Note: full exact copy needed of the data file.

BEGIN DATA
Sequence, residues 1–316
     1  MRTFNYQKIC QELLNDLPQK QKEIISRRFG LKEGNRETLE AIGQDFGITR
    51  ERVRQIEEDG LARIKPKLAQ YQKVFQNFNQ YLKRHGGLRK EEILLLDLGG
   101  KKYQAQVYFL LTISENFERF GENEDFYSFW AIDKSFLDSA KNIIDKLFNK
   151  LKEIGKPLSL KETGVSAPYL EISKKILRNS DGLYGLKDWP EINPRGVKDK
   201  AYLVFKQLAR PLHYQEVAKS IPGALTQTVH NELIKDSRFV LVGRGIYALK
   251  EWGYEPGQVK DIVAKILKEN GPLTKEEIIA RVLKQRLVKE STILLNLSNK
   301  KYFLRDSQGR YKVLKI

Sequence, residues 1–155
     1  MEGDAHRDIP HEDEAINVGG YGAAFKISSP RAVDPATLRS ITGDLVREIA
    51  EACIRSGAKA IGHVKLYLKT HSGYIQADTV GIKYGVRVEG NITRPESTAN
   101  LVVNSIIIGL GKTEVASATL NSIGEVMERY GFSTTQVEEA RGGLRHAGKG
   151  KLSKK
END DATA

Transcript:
Sequence, residues 1–316
     1  MRTFNYQKIC QELLNDLPQK QKEIISRRFG LKEGNRETLE AIGQDFGITR
    51  ERVRQIEEDG LARIKPKLAQ YQKVFQNFNQ YLKRHGGLRK EEILLLDLGG
   101  KKYQAQVYFL LTISENFERF GENEDFYSFW AIDKSFLDSA KNIIDKLFNK
   151  LKEIGKPLSL KETGVSAPYL EISKKILRNS DGLYGLKDWP EINPRGVKDK
   201  AYLVFKQLAR PLHYQEVAKS IPGALTQTVH NELIKDSRFV LVGRGIYALK
   251  EWGYEPGQVK DIVAKILKEN GPLTKEEIIA RVLKQRLVKE STILLNLSNK
   301  KYFLRDSQGR YKVLKI

Sequence, residues 1–155
     1  MEGDAHRDIP HEDEAINVGG YGAAFKISSP RAVDPATLRS ITGDLVREIA
    51  EACIRSGAKA IGHVKLYLKT HSGYIQADTV GIKYGVRVEG NITRPESTAN
   101  LVVNSIIIGL GKTEVASATL NSIGEVMERY GFSTTQVEEA RGGLRHAGKG
   151  KLSKK